Intertwingled Work - Working and scaling like the Web. "... in the past, conversations could only be intertwingled across paper memos, faxes, written reports and email. Until the advent of the Web it wasn't possible to intertwingle conversations, networks, analysis and work in near-real time and global scale. Now that's trivial and essentially free with basic Web access."

The Work Graph Model: TeamPage style - The social dance of getting things done, dealing with exceptions, and staying aware of what’s going on around you

Teampage hypertext journal: Design concepts, by Takashi Okutsu

August 7, 2015 · · Posted by Greg Lloyd

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Takashi Okutsu of Traction Software's Japanese Business Office wrote a blog post, Teampage hypertext journal: Design concepts. Starting from Chris Nuzum's Tripping Up Memory Lane presentation, Takashi explains how TeamPage's append-only journal models editable content, links, and relationships − while maintaining a full audit trail. See this Google English translation.

Teampage's model was inspired by the work of Doug Engelbart, who in 1975 wrote:

Our Journal system was conceived by this author in about 1966. I wanted an underlying operational process, for use by individuals and groups, that would help bring order into the time stream of the Augmented Knowledge workers. The term "journal" emerged early in the conceptualization process for two reasons:

  1. I felt it important in many dynamic operations to keep a log (sometimes termed a "journal") that chronicles events by means of a series of unchangeable entries (for instance, to log significant events while evolving a Plan, shaping up a project, trouble-shooting a large operation. or monitoring on-going operations). These entries would be preserved in original form, serving as the grist for later integration into more organized treatments.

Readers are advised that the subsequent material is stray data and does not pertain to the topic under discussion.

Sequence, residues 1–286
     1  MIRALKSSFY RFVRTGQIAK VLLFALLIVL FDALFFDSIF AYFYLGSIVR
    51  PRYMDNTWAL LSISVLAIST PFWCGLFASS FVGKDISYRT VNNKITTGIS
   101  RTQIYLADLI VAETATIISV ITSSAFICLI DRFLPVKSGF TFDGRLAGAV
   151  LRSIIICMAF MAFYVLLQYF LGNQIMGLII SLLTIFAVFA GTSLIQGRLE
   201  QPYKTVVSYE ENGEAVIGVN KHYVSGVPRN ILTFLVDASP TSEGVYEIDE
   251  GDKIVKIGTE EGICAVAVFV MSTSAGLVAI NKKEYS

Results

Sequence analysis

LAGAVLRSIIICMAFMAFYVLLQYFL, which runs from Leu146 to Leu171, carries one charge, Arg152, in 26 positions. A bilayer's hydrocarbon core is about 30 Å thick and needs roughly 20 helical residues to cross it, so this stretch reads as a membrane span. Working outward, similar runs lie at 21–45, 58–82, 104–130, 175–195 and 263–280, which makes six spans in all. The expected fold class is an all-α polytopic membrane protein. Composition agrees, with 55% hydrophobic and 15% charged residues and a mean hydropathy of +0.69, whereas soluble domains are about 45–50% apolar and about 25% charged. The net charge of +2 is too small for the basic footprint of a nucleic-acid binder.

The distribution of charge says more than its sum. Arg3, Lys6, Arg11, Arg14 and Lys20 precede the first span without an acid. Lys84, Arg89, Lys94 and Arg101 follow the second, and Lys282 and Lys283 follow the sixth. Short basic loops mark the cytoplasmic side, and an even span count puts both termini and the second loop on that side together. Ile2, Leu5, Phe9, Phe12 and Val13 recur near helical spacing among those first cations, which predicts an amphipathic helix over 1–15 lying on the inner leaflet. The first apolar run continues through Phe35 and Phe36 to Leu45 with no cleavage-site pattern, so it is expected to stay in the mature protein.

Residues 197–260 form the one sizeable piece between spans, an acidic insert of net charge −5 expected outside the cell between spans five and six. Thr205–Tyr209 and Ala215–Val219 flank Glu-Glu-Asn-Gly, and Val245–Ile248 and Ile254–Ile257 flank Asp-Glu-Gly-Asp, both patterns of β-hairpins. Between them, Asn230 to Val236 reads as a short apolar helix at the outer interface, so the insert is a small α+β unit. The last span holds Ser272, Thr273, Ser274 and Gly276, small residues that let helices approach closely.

2. I also wanted something that would serve essentially the same recorded-dialogue purpose as I perceived a professional journal (plus library) to do.

Compcon 75 Digest, Sep 1975 pp 173-178, Douglas C. Engelbart THE NLS JOURNAL SYSTEM see the full paper, courtesy of the Doug Engelbart Institute.

Working from Chris's presentation notes (pdf), Takashi explains how to Teampage builds on Engelbart's model to support editable, stable two-way links, relationships, and content.

Takashi uses an animation cel analogy to illustrate how the effect of multiple entries in a TeamPage journal can be superimposed to show the effect edits at any point in time. For more detail, see Teampage's US Patent 7,593,954.

Related

Tripping Up Memory Lane Traction Software co-founder and CTO Chris Nuzum talk on hypertext lessons learned, Hyperkult 2015 conference, Lüneburg Germany, 10 July 2015

Traction Roots - Doug Engelbart About Doug Engelbart's Journal

The Work Graph Model: TeamPage style Understand how TeamPage connects people and their work

Tripping Up Memory Lane

July 16, 2015 · · Posted by Christopher Nuzum

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Last week I gave a talk at the Hyperkult 2015 conference. It was an honor to present there, especially since it was the 25th and final time the conference was held. This was my proposal for the talk:

Sometimes it seems like collaborative software projects are designed in an ahistorical vacuum. Like all our ideas are new. Maybe that’s because so much software is designed by young people fresh out of computer science programs heavy in programming and data structures, but often paying little more obeisance to the history of software than to acknowledge that once people programmed on punch cards, however that worked.

In 1996, after celebrating the 50th Anniversary of As We May Think at the Massachusetts Institute of Technology, and inspired by a long, encouraging talk with Doug Engelbart, I co-founded Traction Software (originally Twisted Systems, Inc.) and set out to design a memex-inspired literary machine for the augmentation of collective intelligence. In this talk, I’d like to demonstrate how the Traction Hypertext Journaling Engine underlying Traction Software’s TeamPage product borrows from and builds on insights and ideas from Vannevar Bush, Doug Engelbart, and Ted Nelson. I’ll also talk a bit about what ideas we’ve abandoned and why, and end with some thoughts on ideas that I think haven’t yet had their day.

I'd never given a talk in Germany before, but since the German word Vorlesung means "reading", I thought I had better be prepared with something I could read, even though that's not how I'm used to presenting.

For anyone interested, I've posted the script I prepared for the talk: Tripping Up Memory Lane Script.pdf (14.2MB). The PDF also includes high-resolution versions of the images I used in my slides.

I hope you'll enjoy.

Update: See the University of Lüneburg's video of this talk. Adobe Flash required for Chrome and Internet Explorer 10 and older.